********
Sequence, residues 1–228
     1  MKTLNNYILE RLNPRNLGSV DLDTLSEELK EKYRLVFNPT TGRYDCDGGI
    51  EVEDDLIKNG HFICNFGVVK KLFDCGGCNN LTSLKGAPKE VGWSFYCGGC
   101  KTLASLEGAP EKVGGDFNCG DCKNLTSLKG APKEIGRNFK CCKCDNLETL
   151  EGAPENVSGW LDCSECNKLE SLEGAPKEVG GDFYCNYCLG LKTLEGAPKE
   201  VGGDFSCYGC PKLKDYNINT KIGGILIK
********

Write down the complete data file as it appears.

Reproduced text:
Sequence, residues 1–228
     1  MKTLNNYILE RLNPRNLGSV DLDTLSEELK EKYRLVFNPT TGRYDCDGGI
    51  EVEDDLIKNG HFICNFGVVK KLFDCGGCNN LTSLKGAPKE VGWSFYCGGC
   101  KTLASLEGAP EKVGGDFNCG DCKNLTSLKG APKEIGRNFK CCKCDNLETL
   151  EGAPENVSGW LDCSECNKLE SLEGAPKEVG GDFYCNYCLG LKTLEGAPKE
   201  VGGDFSCYGC PKLKDYNINT KIGGILIK